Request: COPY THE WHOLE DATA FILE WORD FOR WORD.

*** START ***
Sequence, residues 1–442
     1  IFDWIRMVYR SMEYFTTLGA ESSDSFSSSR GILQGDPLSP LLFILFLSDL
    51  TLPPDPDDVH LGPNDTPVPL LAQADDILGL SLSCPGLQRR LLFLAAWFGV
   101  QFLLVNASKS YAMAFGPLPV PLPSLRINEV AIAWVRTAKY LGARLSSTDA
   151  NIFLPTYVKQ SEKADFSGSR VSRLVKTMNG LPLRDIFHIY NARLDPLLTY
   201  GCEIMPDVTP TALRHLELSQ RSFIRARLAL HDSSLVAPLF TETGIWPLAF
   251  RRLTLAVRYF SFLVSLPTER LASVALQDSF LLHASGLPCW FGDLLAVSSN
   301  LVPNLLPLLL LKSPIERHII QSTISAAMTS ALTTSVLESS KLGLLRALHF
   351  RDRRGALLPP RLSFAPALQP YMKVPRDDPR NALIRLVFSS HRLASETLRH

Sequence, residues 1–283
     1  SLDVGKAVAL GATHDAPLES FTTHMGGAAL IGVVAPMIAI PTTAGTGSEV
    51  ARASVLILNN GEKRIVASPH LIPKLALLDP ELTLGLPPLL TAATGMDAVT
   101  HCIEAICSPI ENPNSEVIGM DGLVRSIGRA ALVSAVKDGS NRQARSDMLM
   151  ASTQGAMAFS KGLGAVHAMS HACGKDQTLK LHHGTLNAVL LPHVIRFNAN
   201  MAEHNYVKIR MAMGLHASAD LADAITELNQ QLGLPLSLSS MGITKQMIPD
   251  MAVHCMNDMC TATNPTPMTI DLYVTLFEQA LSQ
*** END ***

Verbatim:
Sequence, residues 1–442
     1  IFDWIRMVYR SMEYFTTLGA ESSDSFSSSR GILQGDPLSP LLFILFLSDL
    51  TLPPDPDDVH LGPNDTPVPL LAQADDILGL SLSCPGLQRR LLFLAAWFGV
   101  QFLLVNASKS YAMAFGPLPV PLPSLRINEV AIAWVRTAKY LGARLSSTDA
   151  NIFLPTYVKQ SEKADFSGSR VSRLVKTMNG LPLRDIFHIY NARLDPLLTY
   201  GCEIMPDVTP TALRHLELSQ RSFIRARLAL HDSSLVAPLF TETGIWPLAF
   251  RRLTLAVRYF SFLVSLPTER LASVALQDSF LLHASGLPCW FGDLLAVSSN
   301  LVPNLLPLLL LKSPIERHII QSTISAAMTS ALTTSVLESS KLGLLRALHF
   351  RDRRGALLPP RLSFAPALQP YMKVPRDDPR NALIRLVFSS HRLASETLRH

Sequence, residues 1–283
     1  SLDVGKAVAL GATHDAPLES FTTHMGGAAL IGVVAPMIAI PTTAGTGSEV
    51  ARASVLILNN GEKRIVASPH LIPKLALLDP ELTLGLPPLL TAATGMDAVT
   101  HCIEAICSPI ENPNSEVIGM DGLVRSIGRA ALVSAVKDGS NRQARSDMLM
   151  ASTQGAMAFS KGLGAVHAMS HACGKDQTLK LHHGTLNAVL LPHVIRFNAN
   201  MAEHNYVKIR MAMGLHASAD LADAITELNQ QLGLPLSLSS MGITKQMIPD
   251  MAVHCMNDMC TATNPTPMTI DLYVTLFEQA LSQ